Preliminary evidence suggests that taking certain vitamins, minerals, fatty acids, antioxidants, plant compounds, and melatonin may help improve some symptoms (13).

Scientists need to do more research before making official recommendations about many of the dietary patterns discussed above. However, preliminary research is promising.


There are no official dietary guidelines for MS. However, research suggests that making certain dietary changes may help slow disease progression and help manage MS symptoms to improve quality of life.

Based on current and ongoing research, an MS-friendly diet should help people with MS manage their symptoms.

In particular, it should help manage disease progression and aim to minimize the effects that common MS symptoms have on overall quality of life.

Here is a list of foods to include on an MS-friendly diet:

  • fruits and vegetables: all fresh fruits and vegetables
  • grains: all grains, such as oats, rice, and quinoa
  • nuts and seeds: all nuts and seeds
  • fish: all fish, especially fresh fish and fatty oily fish, such as salmon and mackerel, as they’re high in omega-3 fatty acids and vitamin D
  • meats: all fresh meats, such as beef, chicken, lamb, and more, especially beef liver which is particularly high in vitamin D and biotin
  • eggs: good source of biotin, vitamin D, and other important nutrients
  • dairy products: such as milk, cheese, yogurt, and butter
  • fats: healthy fats, such as olive, flaxseed, coconut, and avocado oils
  • probiotic-rich foods: such as yogurt, kefir, sauerkraut, and kimchi
  • beverages: water, herbal teas
  • herbs and spices: all fresh herbs and spices

In short, the guidelines for an MS-friendly diet are similar to an overall nutrient-rich, well-balanced diet. However, it emphasizes consuming more plant-based foods and grains.

That is because plant-based foods and grains are higher in fiber, vitamins, minerals, and fluid, which can help with MS symptoms, such as constipation, fatigue, and bladder dysfunction.

They’re also higher in plant-based compounds that function as antioxidants, which are molecules that help defend your cells against free radical damage and inflammation. These compounds may help fight inflammation and potentially slow MS progression (14, 15).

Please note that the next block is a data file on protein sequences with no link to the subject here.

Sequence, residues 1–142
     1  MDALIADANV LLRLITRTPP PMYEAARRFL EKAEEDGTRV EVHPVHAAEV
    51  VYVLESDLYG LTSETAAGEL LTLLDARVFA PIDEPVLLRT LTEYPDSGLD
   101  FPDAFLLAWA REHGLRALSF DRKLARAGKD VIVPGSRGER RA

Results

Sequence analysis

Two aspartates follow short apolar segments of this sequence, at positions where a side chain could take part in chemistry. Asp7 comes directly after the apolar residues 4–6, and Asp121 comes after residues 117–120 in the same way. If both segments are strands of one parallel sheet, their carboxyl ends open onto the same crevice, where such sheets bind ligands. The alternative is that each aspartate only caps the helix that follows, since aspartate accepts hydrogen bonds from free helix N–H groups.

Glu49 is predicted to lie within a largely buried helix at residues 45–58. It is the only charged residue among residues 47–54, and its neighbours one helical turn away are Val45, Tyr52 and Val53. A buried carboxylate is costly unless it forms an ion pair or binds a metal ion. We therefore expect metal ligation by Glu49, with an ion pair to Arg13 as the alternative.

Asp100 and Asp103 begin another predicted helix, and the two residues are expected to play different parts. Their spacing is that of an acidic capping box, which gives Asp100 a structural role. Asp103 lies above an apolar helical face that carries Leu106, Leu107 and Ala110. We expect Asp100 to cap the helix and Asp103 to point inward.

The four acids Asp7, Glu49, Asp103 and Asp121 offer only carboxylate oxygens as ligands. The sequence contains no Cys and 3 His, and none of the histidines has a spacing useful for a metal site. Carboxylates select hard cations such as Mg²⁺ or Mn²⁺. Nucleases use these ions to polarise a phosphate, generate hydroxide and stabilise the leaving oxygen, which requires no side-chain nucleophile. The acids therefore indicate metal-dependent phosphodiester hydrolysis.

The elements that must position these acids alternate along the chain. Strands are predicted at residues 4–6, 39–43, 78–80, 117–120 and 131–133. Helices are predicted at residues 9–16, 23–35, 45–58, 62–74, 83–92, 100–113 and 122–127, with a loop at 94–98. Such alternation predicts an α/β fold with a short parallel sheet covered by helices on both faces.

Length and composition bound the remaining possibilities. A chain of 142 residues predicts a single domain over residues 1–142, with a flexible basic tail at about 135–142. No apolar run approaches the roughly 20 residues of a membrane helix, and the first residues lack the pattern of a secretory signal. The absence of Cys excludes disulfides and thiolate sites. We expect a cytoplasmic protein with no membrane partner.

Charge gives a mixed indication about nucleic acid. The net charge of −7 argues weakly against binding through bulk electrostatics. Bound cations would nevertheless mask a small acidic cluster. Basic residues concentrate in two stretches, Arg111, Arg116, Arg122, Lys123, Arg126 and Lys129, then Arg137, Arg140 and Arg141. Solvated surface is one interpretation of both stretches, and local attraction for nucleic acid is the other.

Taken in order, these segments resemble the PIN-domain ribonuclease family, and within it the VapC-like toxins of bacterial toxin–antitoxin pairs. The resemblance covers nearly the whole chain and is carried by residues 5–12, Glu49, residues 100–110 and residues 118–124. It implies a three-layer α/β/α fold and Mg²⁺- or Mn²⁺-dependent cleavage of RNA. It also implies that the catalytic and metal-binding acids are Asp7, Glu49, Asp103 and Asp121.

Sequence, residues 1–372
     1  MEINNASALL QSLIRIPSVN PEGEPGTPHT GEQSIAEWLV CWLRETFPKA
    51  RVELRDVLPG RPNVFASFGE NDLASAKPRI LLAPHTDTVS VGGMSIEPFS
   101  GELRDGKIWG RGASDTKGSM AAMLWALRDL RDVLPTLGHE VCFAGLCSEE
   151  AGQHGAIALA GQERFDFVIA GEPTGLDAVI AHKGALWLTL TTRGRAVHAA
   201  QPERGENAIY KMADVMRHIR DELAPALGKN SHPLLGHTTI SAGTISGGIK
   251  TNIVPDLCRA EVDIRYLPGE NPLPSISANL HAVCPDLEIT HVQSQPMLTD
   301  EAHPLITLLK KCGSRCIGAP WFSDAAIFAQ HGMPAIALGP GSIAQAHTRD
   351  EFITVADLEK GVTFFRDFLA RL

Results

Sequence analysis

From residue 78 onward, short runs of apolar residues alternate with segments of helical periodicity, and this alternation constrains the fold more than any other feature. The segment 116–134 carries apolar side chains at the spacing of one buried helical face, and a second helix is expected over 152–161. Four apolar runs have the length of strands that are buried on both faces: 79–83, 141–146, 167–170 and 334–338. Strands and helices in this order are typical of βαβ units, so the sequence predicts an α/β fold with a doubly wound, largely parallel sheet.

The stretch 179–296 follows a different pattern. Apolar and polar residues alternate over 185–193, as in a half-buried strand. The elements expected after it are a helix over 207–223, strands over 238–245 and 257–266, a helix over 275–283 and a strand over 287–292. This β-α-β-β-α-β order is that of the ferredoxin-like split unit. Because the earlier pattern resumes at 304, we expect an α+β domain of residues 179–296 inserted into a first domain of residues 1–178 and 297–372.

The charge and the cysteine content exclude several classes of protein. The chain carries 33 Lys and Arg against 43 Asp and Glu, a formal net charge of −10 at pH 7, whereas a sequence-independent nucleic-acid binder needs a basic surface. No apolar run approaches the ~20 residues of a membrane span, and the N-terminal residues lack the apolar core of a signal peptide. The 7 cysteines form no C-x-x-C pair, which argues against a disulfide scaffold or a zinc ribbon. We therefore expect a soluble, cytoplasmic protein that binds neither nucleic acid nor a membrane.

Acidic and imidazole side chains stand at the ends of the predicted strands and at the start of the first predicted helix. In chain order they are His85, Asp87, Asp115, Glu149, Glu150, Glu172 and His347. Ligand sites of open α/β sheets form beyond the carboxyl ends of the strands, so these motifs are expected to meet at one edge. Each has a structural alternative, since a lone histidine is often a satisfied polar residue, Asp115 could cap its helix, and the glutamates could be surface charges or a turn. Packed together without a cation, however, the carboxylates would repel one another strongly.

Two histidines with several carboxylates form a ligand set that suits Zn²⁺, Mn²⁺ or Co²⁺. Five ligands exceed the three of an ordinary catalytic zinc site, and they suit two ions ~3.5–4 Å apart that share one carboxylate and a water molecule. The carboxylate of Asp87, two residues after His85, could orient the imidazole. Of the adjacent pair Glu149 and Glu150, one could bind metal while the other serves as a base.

Fish, particularly fatty fish, such as salmon and mackerel, appear to be beneficial for MS, possibly because they’re high in anti-inflammatory omega-3 fatty acids. They’re also high in vitamin D, which can help keep your bones strong when combined with calcium (16, 17, 18).

Current research on the effects of red meat and saturated fat intakes on MS symptoms shows mixed results. However, eating red meat in moderation, while focusing on more fruits, vegetables, and grains, is likely beneficial for people with MS (19, 20).

Dairy products also show mixed results. In some studies, dairy products have been linked to disease activity. However, they’re a good source of calcium, vitamin D, vitamin A, and potassium, so you can try including them in moderation on an MS-friendly diet. Talk with your doctor if you believe dairy products are making your MS symptoms worse (21, 22, 23).

In addition, some research shows that people with MS may have a higher risk of celiac disease, an autoimmune condition that causes damage to the small intestine in the presence of gluten (24).

Gluten is a group of proteins in wheat, barley, and rye.

If you have MS and experience extreme discomfort when eating gluten-based products, such as bread, pasta, crackers, and baked goods, it’s important to notify your healthcare team to see whether you have celiac disease. Other symptoms of celiac disease include bloating, diarrhea, fatigue, abdominal pain, chronic headaches, and anemia.

People with MS who do not have celiac disease may still benefit from healthy grains in their diet.


Eating plenty of fruit, vegetables, grains, and fish may help with managing MS symptoms. A person with MS may eat red meat and dairy in moderation, as current research on their effects is mixed.

While an MS-friendly diet allows plenty of nutrient-dense, delicious options, there are still some food groups you should limit to help manage MS symptoms.

Most of these foods are linked to chronic inflammation. They include processed meats, refined carbs, trans fats, and sugar-sweetened beverages, just to name a few (25, 26, 27).

Here’s a list of foods to avoid if you have MS: